Motorists: Understand How Blind Spots Work

With millions of cars registered in the US at any given time, there’s no question that we must all share the road and try to do so as safely as possible. Unfortunately, most of us will be involved in at least one car accident in our lifetimes–but hopefully with defensive driving practices in place, you can lower the odds. Understanding how blind spots work is important, and although you may be aware that sometimes you cannot see another car or motorcycle or truck if it is next to you in the adjacent lane, it is helpful to know more about the technicalities involved—and what you can do to decrease your chance of having an accident due to an incident with a blind spot.

Blind spots are not restricted only to vehicles on the road, but also boats and even planes. If you are riding on a bicycle or a motorcycle or some form of transportation without windows or metal coverings, then you probably do not have to worry about blind spots. Visibility is restricted due to the design of most vehicles, the way mirrors are set up, headrests in the car, and more. The blind spot occurs in the lane next to you at a 45° angle while you are driving and unable to see what is there—which is usually either a car or other vehicle, or if you are hoping to pass, perhaps nothing at all.

There are ways to adjust your mirrors to avoid blind spots altogether, but that does take some technical prowess (and some experts say this is not possible), and in most cases, motorists have their mirrors set so they can see as much traffic as possible. While traveling, if you are about to pass, avoid collisions due to blind spots by looking in your side mirrors, rearview mirrors, and taking the time to turn your head also to look. Taking all these precautions is critical, and especially when on a multi-lane highway.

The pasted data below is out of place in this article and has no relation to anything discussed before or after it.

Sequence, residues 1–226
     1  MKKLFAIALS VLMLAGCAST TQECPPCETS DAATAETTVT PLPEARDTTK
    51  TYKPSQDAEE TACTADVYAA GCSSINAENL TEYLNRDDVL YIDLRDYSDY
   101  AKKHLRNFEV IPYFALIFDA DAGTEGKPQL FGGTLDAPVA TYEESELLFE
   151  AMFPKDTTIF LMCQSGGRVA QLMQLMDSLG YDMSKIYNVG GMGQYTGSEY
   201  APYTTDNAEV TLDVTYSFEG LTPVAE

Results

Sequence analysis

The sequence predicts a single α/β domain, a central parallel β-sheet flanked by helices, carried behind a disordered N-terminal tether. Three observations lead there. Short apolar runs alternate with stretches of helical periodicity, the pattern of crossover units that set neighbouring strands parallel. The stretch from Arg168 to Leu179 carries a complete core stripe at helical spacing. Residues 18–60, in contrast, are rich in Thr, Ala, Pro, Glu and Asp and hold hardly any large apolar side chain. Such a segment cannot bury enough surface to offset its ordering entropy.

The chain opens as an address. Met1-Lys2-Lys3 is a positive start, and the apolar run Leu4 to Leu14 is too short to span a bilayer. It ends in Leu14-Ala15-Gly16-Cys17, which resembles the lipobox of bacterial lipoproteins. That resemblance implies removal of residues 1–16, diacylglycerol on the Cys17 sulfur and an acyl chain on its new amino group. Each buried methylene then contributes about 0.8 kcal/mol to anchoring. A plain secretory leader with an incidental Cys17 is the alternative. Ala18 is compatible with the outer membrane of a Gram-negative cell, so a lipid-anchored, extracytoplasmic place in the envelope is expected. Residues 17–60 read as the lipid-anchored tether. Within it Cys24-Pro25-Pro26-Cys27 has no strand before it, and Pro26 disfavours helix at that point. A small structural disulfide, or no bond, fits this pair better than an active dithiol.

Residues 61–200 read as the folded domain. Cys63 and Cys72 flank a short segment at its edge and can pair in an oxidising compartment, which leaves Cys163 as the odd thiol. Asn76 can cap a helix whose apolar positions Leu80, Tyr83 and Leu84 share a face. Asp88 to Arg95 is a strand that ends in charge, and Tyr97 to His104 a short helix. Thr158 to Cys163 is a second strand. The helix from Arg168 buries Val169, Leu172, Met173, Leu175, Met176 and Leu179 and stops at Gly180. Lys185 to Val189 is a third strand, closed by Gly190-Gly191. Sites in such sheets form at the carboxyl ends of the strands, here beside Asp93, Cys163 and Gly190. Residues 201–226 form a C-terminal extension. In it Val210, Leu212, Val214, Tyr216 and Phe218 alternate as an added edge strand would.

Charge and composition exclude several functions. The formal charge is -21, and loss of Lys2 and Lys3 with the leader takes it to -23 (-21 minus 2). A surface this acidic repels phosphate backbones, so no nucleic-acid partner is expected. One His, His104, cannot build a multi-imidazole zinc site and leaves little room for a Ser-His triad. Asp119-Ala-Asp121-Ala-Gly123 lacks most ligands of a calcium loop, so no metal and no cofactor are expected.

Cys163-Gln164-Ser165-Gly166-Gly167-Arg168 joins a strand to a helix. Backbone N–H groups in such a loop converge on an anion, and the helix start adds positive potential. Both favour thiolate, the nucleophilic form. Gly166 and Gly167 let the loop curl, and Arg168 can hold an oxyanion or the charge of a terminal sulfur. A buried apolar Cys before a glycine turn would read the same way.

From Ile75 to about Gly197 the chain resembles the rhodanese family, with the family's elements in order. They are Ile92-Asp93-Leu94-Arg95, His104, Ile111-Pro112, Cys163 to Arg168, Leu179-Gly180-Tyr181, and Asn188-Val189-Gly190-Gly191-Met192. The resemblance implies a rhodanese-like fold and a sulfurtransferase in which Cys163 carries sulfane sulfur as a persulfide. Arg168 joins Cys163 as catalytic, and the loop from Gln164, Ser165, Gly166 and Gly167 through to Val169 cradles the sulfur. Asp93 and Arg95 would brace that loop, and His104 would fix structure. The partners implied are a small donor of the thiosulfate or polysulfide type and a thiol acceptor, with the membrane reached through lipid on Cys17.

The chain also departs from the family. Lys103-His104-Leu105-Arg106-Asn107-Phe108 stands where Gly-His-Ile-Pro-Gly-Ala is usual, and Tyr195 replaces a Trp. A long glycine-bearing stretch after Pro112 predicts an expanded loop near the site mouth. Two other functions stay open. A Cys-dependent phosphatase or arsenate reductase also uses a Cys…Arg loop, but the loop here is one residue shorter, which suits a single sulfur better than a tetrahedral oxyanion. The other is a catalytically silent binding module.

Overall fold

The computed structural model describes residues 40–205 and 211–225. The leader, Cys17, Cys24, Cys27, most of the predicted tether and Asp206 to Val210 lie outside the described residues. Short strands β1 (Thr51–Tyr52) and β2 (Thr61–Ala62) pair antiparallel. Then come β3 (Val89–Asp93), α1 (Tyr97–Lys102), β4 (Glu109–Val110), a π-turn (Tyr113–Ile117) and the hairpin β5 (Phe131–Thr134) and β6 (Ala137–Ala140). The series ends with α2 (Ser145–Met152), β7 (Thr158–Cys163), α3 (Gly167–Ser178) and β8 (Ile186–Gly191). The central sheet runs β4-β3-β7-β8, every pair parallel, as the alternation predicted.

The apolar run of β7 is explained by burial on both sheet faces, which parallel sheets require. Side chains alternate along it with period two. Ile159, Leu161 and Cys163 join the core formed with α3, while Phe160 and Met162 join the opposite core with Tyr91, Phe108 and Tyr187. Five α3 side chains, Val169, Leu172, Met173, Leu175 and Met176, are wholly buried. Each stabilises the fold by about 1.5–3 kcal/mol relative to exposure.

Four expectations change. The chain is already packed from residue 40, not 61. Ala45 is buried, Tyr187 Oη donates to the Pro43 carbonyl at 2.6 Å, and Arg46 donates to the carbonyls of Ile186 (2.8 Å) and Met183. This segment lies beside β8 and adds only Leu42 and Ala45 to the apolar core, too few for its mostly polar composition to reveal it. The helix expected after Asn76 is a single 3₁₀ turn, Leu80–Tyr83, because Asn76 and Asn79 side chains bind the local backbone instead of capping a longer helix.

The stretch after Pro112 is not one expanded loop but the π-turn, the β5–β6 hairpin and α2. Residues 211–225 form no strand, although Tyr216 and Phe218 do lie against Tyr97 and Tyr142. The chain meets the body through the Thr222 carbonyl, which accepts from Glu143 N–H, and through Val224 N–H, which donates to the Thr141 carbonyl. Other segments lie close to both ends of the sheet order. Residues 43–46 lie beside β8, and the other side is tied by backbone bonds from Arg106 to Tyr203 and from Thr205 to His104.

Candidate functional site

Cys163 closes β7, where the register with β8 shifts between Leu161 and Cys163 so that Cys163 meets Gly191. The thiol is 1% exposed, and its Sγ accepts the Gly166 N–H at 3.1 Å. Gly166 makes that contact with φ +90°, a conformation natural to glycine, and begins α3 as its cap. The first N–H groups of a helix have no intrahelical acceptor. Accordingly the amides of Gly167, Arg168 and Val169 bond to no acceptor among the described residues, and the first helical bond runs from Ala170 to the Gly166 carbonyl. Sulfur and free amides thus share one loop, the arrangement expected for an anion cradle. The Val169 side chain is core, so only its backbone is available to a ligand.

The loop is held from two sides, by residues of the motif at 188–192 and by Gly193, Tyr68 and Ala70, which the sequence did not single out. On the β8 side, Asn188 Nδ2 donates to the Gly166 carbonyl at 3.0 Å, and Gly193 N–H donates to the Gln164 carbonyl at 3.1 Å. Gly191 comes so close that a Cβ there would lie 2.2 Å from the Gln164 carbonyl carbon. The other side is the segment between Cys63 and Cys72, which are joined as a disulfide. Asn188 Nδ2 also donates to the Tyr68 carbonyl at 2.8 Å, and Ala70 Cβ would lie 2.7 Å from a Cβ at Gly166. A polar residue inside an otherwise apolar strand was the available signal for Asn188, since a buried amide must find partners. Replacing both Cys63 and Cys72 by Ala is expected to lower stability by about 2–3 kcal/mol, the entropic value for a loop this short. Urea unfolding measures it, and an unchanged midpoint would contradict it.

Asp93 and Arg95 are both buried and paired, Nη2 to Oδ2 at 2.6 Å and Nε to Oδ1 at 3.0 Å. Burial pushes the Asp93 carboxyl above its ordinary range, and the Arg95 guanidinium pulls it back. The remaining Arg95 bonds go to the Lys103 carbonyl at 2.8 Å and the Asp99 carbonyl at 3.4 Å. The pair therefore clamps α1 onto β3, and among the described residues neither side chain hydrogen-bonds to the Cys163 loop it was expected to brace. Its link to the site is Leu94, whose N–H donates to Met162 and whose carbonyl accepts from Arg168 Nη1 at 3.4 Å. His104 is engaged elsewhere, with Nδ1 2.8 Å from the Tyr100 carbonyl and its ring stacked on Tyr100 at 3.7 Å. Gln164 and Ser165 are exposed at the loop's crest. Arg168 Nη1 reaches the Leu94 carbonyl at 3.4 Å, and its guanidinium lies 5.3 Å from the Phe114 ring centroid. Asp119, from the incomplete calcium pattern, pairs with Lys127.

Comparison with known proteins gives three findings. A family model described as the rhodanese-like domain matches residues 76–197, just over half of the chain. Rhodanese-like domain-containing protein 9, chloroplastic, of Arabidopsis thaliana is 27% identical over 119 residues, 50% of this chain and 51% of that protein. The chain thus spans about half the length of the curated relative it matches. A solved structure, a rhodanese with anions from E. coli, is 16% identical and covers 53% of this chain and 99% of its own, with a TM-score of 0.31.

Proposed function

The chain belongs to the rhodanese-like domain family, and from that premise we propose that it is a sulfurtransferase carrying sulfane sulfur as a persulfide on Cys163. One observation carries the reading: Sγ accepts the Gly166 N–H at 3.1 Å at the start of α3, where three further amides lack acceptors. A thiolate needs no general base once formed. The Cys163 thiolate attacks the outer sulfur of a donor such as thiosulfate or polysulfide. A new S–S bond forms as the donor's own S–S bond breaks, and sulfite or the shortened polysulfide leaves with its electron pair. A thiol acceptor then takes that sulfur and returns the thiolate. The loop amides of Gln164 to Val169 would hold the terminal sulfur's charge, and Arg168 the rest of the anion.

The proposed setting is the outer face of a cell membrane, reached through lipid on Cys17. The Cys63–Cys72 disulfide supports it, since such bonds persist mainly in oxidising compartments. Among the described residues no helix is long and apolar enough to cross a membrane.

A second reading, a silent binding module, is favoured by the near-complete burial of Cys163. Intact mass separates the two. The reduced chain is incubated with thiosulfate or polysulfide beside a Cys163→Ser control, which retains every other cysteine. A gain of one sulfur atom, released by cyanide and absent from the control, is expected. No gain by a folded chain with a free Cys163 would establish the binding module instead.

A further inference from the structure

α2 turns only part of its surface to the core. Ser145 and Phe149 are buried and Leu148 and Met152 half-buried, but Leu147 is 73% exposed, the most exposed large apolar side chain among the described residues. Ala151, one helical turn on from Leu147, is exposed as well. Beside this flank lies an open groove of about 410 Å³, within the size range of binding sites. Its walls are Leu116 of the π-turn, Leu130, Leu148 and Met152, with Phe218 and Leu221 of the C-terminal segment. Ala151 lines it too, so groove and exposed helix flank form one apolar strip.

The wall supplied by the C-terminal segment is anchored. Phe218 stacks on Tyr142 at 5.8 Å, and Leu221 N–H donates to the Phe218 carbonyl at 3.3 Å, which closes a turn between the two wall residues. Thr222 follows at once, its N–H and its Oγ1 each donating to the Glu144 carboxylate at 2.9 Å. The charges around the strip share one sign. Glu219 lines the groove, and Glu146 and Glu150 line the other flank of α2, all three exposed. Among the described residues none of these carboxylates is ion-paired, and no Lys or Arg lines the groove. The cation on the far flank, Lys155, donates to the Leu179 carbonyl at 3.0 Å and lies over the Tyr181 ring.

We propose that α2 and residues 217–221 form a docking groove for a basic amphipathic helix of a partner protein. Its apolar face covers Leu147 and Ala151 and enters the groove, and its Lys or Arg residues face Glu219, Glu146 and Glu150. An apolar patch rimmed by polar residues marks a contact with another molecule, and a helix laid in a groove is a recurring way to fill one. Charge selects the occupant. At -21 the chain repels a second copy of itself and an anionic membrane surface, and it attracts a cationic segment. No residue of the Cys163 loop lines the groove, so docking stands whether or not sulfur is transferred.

Trucks present even more issues with blind spots, and they need the help of motorists when passing. If you are traveling behind a truck and decide to pass on the left, make sure you can see the trucker in his mirror (this means he can see you!) as you move out into the next lane, and before you pass over into the next one.

The most important element of driving is simple: focus. This is an important skill to pass on to teen drivers as well, considering distracted driving is the number one threat and killer on highways in the US. With the advent of the smartphone, drivers have so many advantages such as GPS, the ability to make hands-free phone calls, and much more. But there are so many negative aspects of smartphone technology too about distracted driving. Drivers may be unable to resist the temptation to check text messages, and even worse, may feel obligated to respond – and sometimes at length. Beware of other drivers who may also be under the influence, ignoring traffic signals and signs, or driving under the influence.

If you or a loved one have been injured in a car accident due to the negligence of others, contact the attorneys at Heintz & Becker. We’ve helped victims from Bradenton, Sarasota, and all over Florida get compensation for their damages and medical expenses after accidents. Call us for a free consultation now at 941-748-2916 or contact us online. We are here to help!

All blogs are written on behalf of Heintz & Becker for informational purposes. These articles should not, however, be considered legal advice, or in any way responsible for creating an attorney/client relationship.